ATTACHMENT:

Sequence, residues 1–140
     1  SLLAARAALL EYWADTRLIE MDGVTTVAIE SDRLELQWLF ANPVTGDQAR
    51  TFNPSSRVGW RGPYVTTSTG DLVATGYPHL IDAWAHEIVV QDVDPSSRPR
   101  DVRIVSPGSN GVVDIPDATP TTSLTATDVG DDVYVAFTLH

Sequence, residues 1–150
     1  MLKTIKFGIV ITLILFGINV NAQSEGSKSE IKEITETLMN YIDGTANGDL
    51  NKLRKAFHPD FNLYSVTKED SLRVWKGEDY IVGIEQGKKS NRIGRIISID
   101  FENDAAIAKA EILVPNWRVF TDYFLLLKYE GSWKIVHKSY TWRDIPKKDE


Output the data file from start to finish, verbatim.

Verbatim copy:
Sequence, residues 1–140
     1  SLLAARAALL EYWADTRLIE MDGVTTVAIE SDRLELQWLF ANPVTGDQAR
    51  TFNPSSRVGW RGPYVTTSTG DLVATGYPHL IDAWAHEIVV QDVDPSSRPR
   101  DVRIVSPGSN GVVDIPDATP TTSLTATDVG DDVYVAFTLH

Sequence, residues 1–150
     1  MLKTIKFGIV ITLILFGINV NAQSEGSKSE IKEITETLMN YIDGTANGDL
    51  NKLRKAFHPD FNLYSVTKED SLRVWKGEDY IVGIEQGKKS NRIGRIISID
   101  FENDAAIAKA EILVPNWRVF TDYFLLLKYE GSWKIVHKSY TWRDIPKKDE